So, we don’t miss the support and trust police have in the majority population… t’was always thus… we just don’t care to let that support and trust kill more of our sons and daughters. We are tired of letting their subjective “fears” be reason enough to make us bury another child. 

Monday, December 8, 2014

Small Value Coins

The case for doing away with the penny (each of which costs 2.4 cents to produce) is strong.
Some object with the following observation:
But eliminating it would result in greater use of the five-cent coin, the nickel, which costs 11.2 cents to produce.
 The obvious step is to eliminate the nickel as well.  Consider: the real value of a dime today is just a little more than a cent was worth in 1920 i.e. 12 cents. If we got along with a minimum coin value of about today's dime then, why can't we now?

There was a half cent coin produced in the US until 1857, when it was discontinued as not being worth enough to continue in circulation.  Its value at that time in today's currency:  14 cents - or almost 1½ dimes. It's clear: making the dime our smallest value coin should be a no-brainer.

Some might argue that we should look to the future, as there will be more inflation, further eroding the value of our coinage.  I believe the quarter (worth less than one cent in 1857 values, about two cents in 1920 values) should be our smallest value coin.  Consider: in 1858 our smallest value coin was the penny - whose spending power was about 28 cents in today's currency.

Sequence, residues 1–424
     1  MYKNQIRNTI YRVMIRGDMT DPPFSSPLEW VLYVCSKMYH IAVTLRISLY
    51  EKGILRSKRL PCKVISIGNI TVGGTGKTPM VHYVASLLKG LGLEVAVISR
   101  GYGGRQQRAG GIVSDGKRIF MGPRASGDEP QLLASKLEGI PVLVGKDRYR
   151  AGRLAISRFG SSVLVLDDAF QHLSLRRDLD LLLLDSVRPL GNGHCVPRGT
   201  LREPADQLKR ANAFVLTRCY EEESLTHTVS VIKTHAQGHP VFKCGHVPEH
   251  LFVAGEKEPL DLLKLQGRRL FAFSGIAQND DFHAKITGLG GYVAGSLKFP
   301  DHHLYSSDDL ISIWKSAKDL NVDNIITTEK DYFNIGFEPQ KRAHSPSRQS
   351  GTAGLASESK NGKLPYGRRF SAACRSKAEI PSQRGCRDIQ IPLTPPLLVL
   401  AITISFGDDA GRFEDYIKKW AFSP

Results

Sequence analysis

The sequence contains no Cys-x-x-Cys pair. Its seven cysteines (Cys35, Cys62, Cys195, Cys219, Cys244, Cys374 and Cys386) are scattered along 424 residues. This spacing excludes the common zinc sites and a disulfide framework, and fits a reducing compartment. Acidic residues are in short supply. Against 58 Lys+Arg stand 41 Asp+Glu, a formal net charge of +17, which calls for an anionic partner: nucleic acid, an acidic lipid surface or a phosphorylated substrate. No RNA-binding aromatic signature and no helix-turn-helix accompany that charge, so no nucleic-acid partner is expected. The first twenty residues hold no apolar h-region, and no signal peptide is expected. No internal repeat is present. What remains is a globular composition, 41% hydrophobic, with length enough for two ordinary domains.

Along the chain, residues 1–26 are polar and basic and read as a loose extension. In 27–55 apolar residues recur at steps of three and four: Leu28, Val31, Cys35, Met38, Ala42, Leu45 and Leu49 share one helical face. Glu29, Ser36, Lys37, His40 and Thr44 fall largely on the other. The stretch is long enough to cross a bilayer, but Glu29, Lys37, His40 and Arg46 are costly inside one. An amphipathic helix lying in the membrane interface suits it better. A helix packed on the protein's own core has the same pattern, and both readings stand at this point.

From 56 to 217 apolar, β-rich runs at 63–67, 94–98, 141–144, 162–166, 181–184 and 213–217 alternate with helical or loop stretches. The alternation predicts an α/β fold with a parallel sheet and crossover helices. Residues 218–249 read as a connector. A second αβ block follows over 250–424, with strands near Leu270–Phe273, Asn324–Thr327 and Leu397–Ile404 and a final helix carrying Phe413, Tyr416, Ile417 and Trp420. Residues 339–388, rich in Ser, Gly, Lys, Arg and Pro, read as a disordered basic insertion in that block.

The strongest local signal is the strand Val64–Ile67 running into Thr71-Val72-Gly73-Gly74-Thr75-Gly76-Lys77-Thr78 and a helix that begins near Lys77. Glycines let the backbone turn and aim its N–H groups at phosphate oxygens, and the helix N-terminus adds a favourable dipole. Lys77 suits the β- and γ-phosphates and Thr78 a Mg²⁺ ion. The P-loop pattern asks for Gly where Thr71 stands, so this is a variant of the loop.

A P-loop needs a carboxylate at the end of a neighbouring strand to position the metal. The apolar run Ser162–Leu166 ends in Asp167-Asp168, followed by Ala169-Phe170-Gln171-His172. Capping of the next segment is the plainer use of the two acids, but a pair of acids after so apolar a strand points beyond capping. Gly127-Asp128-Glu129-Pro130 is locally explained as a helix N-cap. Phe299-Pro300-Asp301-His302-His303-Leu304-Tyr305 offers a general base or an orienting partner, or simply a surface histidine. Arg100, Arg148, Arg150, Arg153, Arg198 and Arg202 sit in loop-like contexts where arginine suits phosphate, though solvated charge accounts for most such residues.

Friday, December 5, 2014

Political Correctness Strikes Again

From the Houston Chronicle:
A third-grade HISD teacher accused of making profane and anti-Muslim remarks on a public access television show will resign immediately and receive three months' pay under a deal approved by the school board Thursday.    
In online clips, Box could be heard referring to "bacon-haters," using profanity in connection with Muslims and asking, "Can't Ebola just take one for the team and take out Obama?"
"District administrators recommended accepting Box's offer of resignation after determining it was in the best interest of the school and its students," HISD said in a statement Thursday.
 While Angela Box's opinions and the expression of them are clearly obnoxious, as long as she was not expressing them in the classroom, and they did not otherwise affect her job performance, it's hard to see the justification for removing her from her position.  It reminds me of the "Red scare" firing of teachers in the 1920's:
"Red hunting" became the national obsession.  Colleges were deemed to be hotbeds of Bolshevism, and professors were labeled as radicals.  The hunt reached down to public secondary schools where many teachers were fired for current or prior membership in even the most mildly of leftist organizations.
Political views (however ugly) expressed outside of the workplace should not be cause for dismissal.

Wednesday, December 3, 2014

Black Protest


reminds me of this:

Plus ├ža change and all that.